'Stuck with band-aid solutions': Gov't urged to craft nat'l policy for job recovery | Inquirer News

‘Stuck with band-aid solutions’: Gov’t urged to craft nat’l policy for job recovery

/ 04:23 PM December 06, 2020

MANILA, Philippines — Senator Imee Marcos on Sunday warned that millions of Filipinos would remain jobless if the government fails to create a national policy that would spur job recovery.

“The news of the COVID-19 vaccines is the best Christmas gift ever. Now, how about jobs and the economy?” Marcos said in a statement.


“We have already been warned that the health crisis would end long before economies will recover. Who then is researching and formulating the job recovery vaccine? Millions of Filipinos, now unemployed and bankrupt through no fault of their own, desperately need that jab in the economy’s arm – but no one seems to be in charge,” she added.

Marcos issued the call after the Philippine Statistics Authority (PSA) recently reported that around 3.8 million Filipinos aged 15 years old and above are unemployed as of October this year.


According to the PSA, this is equivalent to an 8.7 percent unemployment rate in October, which is slightly lower than the 10 percent recorded in July and 17.6 percent in April this year.

Marcos, chair of the Senate economic affairs committee, said the government has been “stuck with short-term, band-aid solutions” to unemployment, such as job fairs and financial assistance and cash-for-work programs under the Department of Labor and Employment (DOLE).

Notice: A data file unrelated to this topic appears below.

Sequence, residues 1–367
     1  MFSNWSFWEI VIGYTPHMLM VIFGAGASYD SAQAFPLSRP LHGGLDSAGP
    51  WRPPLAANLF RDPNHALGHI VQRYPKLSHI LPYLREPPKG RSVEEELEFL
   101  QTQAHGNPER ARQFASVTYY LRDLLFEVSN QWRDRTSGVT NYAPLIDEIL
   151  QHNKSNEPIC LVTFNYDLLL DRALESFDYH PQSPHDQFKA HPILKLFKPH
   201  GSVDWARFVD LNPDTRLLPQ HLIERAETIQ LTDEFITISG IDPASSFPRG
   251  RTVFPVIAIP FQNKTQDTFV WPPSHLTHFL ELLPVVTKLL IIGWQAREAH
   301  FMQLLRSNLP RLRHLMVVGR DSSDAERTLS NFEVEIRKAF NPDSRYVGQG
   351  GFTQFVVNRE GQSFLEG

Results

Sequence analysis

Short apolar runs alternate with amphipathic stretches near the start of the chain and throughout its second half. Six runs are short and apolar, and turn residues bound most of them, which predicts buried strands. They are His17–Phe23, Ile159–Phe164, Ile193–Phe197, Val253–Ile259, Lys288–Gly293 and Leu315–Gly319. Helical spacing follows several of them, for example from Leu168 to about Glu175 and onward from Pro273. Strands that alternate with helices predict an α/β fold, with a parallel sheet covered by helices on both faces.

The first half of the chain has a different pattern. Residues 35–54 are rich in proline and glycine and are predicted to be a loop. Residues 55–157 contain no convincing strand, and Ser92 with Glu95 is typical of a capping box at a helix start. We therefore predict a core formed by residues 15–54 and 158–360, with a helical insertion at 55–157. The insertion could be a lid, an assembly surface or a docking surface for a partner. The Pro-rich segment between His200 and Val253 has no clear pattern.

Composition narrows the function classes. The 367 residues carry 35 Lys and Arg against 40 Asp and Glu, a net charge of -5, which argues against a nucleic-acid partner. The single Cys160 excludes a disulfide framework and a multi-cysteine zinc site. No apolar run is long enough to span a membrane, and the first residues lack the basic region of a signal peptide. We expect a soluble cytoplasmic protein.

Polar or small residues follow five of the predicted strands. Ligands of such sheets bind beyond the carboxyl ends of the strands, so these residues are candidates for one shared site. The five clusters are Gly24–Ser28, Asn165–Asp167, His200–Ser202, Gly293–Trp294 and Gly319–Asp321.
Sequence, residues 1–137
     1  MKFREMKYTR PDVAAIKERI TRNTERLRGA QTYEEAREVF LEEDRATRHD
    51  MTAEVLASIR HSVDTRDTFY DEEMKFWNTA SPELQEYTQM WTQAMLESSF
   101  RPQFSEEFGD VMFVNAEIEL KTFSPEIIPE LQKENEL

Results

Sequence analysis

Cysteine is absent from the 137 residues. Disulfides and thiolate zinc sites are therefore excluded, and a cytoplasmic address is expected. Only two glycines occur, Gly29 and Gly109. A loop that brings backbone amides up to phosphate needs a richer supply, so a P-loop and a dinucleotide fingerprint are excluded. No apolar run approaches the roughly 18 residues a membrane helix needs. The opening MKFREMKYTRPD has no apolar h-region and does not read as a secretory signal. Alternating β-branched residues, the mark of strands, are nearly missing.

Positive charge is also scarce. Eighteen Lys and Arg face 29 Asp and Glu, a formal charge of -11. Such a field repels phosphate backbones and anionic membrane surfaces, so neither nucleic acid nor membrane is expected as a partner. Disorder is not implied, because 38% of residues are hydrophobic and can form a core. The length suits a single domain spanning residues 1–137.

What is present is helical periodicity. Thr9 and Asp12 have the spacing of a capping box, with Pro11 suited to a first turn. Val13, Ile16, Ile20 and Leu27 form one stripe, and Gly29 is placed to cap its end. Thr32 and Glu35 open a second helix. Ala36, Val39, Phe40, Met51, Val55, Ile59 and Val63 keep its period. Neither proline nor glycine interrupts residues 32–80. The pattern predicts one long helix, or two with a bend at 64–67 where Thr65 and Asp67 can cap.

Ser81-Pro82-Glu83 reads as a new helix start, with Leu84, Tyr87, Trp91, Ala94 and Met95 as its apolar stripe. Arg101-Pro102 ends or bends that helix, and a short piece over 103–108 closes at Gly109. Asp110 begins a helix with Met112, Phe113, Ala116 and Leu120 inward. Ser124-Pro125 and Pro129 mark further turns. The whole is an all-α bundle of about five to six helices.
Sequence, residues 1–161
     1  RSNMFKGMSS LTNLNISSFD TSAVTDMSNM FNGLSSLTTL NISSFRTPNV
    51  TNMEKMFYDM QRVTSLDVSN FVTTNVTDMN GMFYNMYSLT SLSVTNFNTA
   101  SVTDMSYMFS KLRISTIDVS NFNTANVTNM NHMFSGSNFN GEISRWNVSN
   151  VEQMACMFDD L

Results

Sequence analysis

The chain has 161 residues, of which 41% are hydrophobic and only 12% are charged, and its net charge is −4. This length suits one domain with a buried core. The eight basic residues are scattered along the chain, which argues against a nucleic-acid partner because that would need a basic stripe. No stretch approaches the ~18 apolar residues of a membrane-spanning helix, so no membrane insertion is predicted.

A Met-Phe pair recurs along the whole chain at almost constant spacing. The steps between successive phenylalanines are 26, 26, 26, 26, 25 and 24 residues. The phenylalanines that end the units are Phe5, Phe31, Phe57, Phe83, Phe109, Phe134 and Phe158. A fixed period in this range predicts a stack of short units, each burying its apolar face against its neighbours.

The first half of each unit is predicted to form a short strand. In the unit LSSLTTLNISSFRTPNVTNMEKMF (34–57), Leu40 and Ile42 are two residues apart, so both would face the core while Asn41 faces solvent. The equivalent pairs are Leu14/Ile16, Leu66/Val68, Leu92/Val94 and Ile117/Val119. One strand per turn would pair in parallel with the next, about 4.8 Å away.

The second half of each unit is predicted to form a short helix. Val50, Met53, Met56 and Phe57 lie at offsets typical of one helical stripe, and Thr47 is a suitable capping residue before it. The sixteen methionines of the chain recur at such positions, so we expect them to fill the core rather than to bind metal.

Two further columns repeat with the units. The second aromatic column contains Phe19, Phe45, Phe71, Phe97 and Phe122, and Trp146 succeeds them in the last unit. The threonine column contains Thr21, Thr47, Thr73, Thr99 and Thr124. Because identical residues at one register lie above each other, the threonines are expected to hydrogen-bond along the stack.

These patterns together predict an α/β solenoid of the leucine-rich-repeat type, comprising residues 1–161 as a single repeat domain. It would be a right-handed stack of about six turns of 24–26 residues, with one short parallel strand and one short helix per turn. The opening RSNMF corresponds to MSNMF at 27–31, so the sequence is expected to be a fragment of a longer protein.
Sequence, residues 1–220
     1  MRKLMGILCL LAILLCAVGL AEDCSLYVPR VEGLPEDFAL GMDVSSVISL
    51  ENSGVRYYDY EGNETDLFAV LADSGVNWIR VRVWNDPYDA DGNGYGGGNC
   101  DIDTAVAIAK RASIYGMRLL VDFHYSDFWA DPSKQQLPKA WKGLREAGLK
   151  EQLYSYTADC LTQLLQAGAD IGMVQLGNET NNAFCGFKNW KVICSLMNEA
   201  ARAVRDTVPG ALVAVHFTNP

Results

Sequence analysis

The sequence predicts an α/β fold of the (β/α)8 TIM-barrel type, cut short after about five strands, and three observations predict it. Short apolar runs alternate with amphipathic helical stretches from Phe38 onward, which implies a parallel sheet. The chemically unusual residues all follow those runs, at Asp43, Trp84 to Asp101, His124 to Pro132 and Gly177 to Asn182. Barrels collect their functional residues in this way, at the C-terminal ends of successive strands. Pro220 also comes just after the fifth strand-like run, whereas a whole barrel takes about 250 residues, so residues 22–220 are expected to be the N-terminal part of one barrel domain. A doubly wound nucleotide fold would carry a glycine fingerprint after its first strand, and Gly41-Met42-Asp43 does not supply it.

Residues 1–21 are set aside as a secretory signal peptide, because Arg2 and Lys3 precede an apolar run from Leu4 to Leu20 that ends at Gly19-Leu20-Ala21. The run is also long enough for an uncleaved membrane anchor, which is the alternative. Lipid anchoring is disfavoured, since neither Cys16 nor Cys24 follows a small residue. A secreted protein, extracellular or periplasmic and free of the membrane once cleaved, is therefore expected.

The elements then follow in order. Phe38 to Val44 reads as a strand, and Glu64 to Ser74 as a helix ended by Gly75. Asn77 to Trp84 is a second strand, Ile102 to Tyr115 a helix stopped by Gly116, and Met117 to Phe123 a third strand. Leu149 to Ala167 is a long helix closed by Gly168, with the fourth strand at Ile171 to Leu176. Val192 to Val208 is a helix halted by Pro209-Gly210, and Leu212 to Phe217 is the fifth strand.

“These hardly make a national policy to kick-start job creation,” Marcos pointed out.

She noted that while DOLE announced that some 21,000 jobs here and abroad are up for grabs in its anniversary fair this week, Marcos said these vacancies only make up less than 1 percent of the 3.8 million needed for Filipinos who are currently out of work.

She noted that the unemployment number equals 8.7 percent of the 43.6 million workers and jobseekers aged 15 years and above recorded in the Philippine Statistics Authority’s third-quarter Labor Force Survey.

She said that although the latest unemployment rate was lower than what was recorded in April, Marcos stressed that it “still does not represent the norm,” citing that unemployment was only at 4.6 percent in the same third-quarter period in 2019.

“Likewise, in good times and bad times, underemployment in the Philippines remains double digit at 14.4% for Q3, compared to 12.8% for the same period in 2019,” she said.

“A before-COVID or BC attitude won’t solve the country’s high unemployment. The government needs to level up from its BC work programs,” she added.


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